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FDA Under Investigation For Lack Of Action On CBD

The regulatory agency has recently come under fire for failing to enact regulations regarding CBD and other hemp-derived products.


In a recent interview with the U.S. Hemp Roundtable, Rep. James Comer (R-KY), the new chairman of the House Oversight and Accountability Committee, announced he would be opening an investigation of the U.S. Food and Drug Administration’s handling of its regulatory jurisdiction of CBD and other hemp-derived products.


According to multiple news outlets, Comer has said he will bring FDA Commissioner Robert Califf and other high-ranking FDA officials before the committee to answer for the agency’s lack of action concerning implementing regulations for hemp-derived products like CBD. In addition, Comer, who helped pass the 2018 Farm Bill, which made hemp and hemp products legal once again at the federal level, is also seeking answers as to why the FDA has let other areas of its jurisdiction lapse from a regulatory perspective as well.


Comer said, “I want to bring the FDA commissioner in front of the committee, and this is one of the things that we want to talk about. It’s not just their lack of action with respect to CBD and other types of hemp—it’s their inaction regarding a lot of areas of their jurisdiction.”


"I want to bring the FDA commissioner in front of the committee, and this is one of the things that we want to talk about. It’s not just their lack of action with respect to CBD and other types of hemp—it’s their inaction regarding a lot of areas of their jurisdiction.”

- Rep. James Comer (R-KY), Chairman of the House Oversight and Accountability Committee


Critics of the FDA are frustrated mainly by the slow progress regarding federal rules for CBD. The FDA has said that more research is needed to determine the safety and effectiveness of CBD and other hemp-derived product offerings. The agency and its officials point to the fact that there is very little scientific research indicating how much CBD can be safely consumed, and for how long, before causing harm. The potential risk to children and pregnant women is of particular concern.


The problem is that CBD exists in a somewhat nebulous gray area in many areas of the country. With the passage of the 2018 Farm Bill, hemp and its related products like CBD became legal at the federal level. However, legal does not always equate to safe and reliable. For example, certain studies have indicated that consuming CBD could cause possible harm to the male reproductive system, including testicular atrophy. It could also cause damage to the liver and have harmful interactions with certain other medications.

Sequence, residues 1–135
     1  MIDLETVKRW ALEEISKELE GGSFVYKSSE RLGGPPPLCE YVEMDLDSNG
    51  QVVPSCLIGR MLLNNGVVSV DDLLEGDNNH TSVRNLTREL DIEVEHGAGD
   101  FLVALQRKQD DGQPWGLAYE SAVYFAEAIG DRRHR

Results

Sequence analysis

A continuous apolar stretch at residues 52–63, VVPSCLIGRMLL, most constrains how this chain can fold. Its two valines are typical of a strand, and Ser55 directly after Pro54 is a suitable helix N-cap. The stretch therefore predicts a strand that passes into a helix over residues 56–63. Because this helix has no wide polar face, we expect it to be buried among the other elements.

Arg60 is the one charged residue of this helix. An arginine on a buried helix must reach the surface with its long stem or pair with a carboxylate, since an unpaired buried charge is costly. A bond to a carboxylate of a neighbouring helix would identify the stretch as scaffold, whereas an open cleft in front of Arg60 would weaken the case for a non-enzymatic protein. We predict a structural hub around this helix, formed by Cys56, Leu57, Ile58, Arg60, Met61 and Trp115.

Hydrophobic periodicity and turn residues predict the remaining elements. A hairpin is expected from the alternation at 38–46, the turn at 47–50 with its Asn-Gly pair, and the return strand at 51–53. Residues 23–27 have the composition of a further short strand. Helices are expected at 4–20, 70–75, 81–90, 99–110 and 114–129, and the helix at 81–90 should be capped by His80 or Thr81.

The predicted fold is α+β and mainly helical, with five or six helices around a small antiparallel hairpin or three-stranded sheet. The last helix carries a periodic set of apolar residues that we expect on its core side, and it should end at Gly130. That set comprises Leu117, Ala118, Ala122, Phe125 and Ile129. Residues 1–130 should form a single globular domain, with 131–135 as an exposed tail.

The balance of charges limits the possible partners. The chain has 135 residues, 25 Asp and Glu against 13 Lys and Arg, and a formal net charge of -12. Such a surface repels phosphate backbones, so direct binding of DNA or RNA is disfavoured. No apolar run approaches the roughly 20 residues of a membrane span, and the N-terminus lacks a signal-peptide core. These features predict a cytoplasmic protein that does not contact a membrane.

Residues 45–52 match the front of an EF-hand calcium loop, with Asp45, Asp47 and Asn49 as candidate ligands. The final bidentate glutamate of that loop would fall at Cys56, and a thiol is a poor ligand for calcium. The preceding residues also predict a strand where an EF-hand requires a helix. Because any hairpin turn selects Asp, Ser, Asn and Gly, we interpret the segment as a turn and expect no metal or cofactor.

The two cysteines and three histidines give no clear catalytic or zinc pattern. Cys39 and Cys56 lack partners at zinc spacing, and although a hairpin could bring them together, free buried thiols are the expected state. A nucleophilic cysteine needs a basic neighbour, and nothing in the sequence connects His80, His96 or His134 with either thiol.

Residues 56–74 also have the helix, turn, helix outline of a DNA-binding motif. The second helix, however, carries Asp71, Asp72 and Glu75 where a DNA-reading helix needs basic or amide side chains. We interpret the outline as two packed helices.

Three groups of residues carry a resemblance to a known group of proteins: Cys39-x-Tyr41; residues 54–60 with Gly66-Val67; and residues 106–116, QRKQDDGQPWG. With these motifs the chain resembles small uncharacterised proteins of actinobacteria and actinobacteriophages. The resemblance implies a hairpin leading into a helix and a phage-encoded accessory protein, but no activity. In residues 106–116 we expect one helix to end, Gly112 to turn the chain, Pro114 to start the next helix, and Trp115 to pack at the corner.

FDA is in charge of a massive array of products, with hemp and CBD encompassing a relatively small percentage. However, since the enactment of the Farm Bill, the FDA and a myriad of state agencies have been overwhelmed with a glut of new, mostly untested hemp-based products, chief among them CBD.


It has created a frustrating impasse for the hemp industry and its advocates, like Comer, and agencies like the FDA charged with regulating the newly created market. Regardless, patience for the slow movement on the part of Califf and his staff is wearing thin.


As U.S. Hemp Roundtable’s Jonathan Miller shared in that same interview, “FDA has received numerous letters from bipartisan lawmakers about the need to create a regulatory framework that allows for the marketing of hemp-based products in the food supply or as dietary supplements.”


"FDA has received numerous letters from bipartisan lawmakers about the need to create a regulatory framework that allows for the marketing of hemp-based products in the food supply or as dietary supplements.”

- Jonathan Miller, U.S. Hemp Roundtable


Despite these calls to action, FDA has spent most of its enforcement capital on issuing warning letters to arbitrarily chosen CBD businesses and denying cannabinoid marketing applications. Other examples of the agency’s somewhat random and tepid response to CBD regulatory enforcement include:


  1. Sending letters to four cannabis companies for allegedly making unfounded claims regarding the medicinal benefits of CBD products for animals.

  2. Warning consumers about cannabis-infused copycat food offerings resembling popular brands and the potential risk of children accidentally ingesting THC.

  3. Issuing its first set of warnings to CBD businesses over the allegedly illegal sale of products containing the controversial and popular delta-8 THC cannabinoid.

While necessary and prudent, these actions amount to placing a band-aid over a bullet wound to many stakeholders. Watchdog groups like the U.S. Hemp Roundtable would prefer to see the FDA enact regulations with some real teeth to them, such as:

  1. Increase the THC level for hemp plants from 0.3% to 1.0%.

  2. Set limits for THC levels in finished consumer products.

  3. Classify CBD and other cannabinoids as food and beverage ingredients.

These actions alone would not solve all the issues and challenges facing the burgeoning CBD and hemp industry, but for many, they would be a good start. To its credit, the FDA did appoint a cannabis policy expert last October, which seemed to indicate that the agency was finally beginning to foster a regulatory framework for hemp and CBD.


The purpose of the committee hearing may be to motivate the agency and its leadership to take concrete action and seriously begin enacting meaningful regulations and enforcement for CBD and other hemp-derived products. However, it may also serve as an opportunity for both sides to come together, share information and work to generate solutions that satisfy all parties - a novel concept in Washington these days.


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